Two Oscar-nominated films will make their Panhandle PBS debut on Feb. 18.
Minding the Gap, nominated for Best Documentary Feature, will air at 8 p.m. Feb. 18 as part of the POV documentary series. Following that, A Night at the Garden, nominated for Best Documentary Short, will air at 9:30 p.m. Feb. 18 as part of a collection of POV shorts, Hindsight is 20/20.
Minding the Gap offers an intimate look into friendships initiated via a passion for skateboarding and cemented by shared experience.
The resulting bonds are as strong as any between members of a conventional family. This captivating coming-of-age story tackles topics like domestic violence, relationships and masculinity, all while its three central subjects approach adulthood. This documentary chronicles the lives of the filmmaker’s friends from a small town outside Chicago. Director Bing Liu artfully compiles clips from their early teens up to the present day, following each of them through every step of their lives.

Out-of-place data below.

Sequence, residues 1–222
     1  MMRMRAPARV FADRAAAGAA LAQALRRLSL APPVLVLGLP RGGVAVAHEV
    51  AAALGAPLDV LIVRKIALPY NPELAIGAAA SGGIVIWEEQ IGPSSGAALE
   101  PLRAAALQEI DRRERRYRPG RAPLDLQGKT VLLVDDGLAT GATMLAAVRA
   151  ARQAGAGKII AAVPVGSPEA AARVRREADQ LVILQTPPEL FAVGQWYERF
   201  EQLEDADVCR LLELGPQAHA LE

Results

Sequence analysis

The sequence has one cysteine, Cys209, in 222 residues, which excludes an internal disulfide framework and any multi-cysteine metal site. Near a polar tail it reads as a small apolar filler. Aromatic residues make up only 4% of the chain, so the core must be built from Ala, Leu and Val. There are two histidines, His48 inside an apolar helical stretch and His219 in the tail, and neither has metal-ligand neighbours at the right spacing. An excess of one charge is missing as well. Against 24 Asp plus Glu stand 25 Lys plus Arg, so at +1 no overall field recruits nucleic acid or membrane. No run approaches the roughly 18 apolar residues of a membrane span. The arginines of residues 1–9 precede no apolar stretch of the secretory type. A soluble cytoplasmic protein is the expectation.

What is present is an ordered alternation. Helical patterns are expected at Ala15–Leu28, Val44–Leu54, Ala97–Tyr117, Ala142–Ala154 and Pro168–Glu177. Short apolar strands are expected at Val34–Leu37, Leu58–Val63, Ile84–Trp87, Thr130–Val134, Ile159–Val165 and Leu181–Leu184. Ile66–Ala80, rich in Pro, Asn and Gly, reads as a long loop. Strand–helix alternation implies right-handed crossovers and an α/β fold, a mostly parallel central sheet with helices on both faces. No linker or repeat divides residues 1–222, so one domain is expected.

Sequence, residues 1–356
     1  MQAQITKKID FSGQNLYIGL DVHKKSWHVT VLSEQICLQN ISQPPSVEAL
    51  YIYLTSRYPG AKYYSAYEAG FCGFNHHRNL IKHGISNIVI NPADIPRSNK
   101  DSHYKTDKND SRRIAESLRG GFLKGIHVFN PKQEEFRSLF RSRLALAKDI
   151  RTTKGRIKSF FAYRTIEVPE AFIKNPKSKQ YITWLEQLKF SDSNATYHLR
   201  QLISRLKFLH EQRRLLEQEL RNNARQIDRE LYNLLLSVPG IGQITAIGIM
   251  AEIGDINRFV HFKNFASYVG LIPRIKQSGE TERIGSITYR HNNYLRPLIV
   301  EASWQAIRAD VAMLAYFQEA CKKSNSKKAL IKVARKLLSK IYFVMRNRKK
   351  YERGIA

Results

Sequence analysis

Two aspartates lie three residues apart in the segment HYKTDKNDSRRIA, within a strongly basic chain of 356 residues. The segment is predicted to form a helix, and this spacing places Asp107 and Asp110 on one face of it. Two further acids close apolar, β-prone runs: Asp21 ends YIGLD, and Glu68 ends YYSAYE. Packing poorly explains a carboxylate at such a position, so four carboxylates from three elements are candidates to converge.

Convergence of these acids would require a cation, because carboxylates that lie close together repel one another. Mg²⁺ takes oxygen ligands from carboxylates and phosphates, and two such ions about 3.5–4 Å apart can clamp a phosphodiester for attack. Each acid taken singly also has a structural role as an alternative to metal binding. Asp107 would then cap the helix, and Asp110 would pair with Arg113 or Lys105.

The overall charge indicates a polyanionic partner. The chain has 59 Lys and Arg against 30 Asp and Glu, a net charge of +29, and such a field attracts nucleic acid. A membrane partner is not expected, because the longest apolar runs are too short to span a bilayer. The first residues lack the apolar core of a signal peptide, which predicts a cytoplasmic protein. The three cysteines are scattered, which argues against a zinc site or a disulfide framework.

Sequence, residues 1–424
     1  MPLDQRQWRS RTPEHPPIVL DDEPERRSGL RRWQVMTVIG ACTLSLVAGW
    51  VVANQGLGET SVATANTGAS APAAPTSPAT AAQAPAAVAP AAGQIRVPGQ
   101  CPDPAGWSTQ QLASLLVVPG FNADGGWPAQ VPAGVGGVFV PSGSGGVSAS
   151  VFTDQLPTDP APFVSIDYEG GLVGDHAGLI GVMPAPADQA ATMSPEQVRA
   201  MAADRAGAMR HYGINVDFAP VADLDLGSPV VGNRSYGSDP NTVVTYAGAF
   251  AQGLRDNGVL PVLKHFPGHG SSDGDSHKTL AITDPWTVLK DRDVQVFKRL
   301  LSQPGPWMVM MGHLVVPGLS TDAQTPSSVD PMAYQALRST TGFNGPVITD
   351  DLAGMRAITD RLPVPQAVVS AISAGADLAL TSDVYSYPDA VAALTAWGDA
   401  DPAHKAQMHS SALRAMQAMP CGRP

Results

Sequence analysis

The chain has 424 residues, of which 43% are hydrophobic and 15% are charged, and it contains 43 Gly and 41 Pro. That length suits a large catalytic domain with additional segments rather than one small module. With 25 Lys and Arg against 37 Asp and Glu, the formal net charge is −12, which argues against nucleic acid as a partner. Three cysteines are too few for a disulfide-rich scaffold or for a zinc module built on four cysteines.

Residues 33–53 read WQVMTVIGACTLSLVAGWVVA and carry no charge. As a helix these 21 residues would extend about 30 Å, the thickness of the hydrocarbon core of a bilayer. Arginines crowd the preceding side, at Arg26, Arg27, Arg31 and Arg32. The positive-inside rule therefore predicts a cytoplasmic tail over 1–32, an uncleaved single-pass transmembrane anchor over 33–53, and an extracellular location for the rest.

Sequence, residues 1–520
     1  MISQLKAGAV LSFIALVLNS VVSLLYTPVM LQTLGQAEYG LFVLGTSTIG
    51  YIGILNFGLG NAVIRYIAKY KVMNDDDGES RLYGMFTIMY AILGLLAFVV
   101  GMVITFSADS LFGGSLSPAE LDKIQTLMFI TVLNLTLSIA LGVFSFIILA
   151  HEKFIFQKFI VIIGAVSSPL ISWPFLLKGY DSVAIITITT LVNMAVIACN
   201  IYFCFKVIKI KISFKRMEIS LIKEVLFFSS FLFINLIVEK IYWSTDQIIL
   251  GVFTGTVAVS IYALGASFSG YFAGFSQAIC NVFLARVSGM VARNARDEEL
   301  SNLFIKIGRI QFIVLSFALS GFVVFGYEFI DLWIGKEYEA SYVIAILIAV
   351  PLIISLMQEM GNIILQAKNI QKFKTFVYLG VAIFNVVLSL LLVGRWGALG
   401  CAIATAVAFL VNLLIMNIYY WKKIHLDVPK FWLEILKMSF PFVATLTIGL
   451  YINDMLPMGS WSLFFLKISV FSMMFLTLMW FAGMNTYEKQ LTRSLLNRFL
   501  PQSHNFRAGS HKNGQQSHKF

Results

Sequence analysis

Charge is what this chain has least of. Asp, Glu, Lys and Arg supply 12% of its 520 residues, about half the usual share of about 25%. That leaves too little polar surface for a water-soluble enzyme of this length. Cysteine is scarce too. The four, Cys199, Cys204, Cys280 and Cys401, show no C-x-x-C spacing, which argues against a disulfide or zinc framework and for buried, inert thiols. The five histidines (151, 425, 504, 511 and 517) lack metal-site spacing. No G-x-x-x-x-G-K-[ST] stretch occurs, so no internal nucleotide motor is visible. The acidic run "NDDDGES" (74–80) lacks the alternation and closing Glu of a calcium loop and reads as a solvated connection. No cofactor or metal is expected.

It's rated 100 percent Fresh on Rotten Tomatoes, and critics have raved about it since its debut.
"As the film moves forward and Liu’s subjects get older, his real subject emerges. Minding the Gap is about how each of its subjects navigates violence in their lives, and how they struggle to break a cycle," The Atlantic's Sophie Gilbert writes. "It’s a film that could easily be bleak, except for the beauty that Liu finds in his friends’ lives, in skating, and in Rockford itself, which looms out into the distance like a giant park to be explored. But he also documents a generation that’s more adept at introspection, more attuned to analyzing moments of trauma and how they shape us. The emotional intelligence Liu, Keire, and Zack demonstrate in their moments of self-analysis is what leaves Minding the Gap ending with something a lot like hope."
In A Night at the Garden, filmmaker Marshall Curry uses archival footage of a 1939 rally in America to draw direct, yet subtle, connections to modern-day politics.
"Curry delivers an emotional wallop," NPR's Andrew Lapin writes. "Never leaving the rally, nor breaking the spell with any talking heads to assure us it's all over now, A Night at the Garden blithely rejects the idea that we have moved on from our shared, horrific past."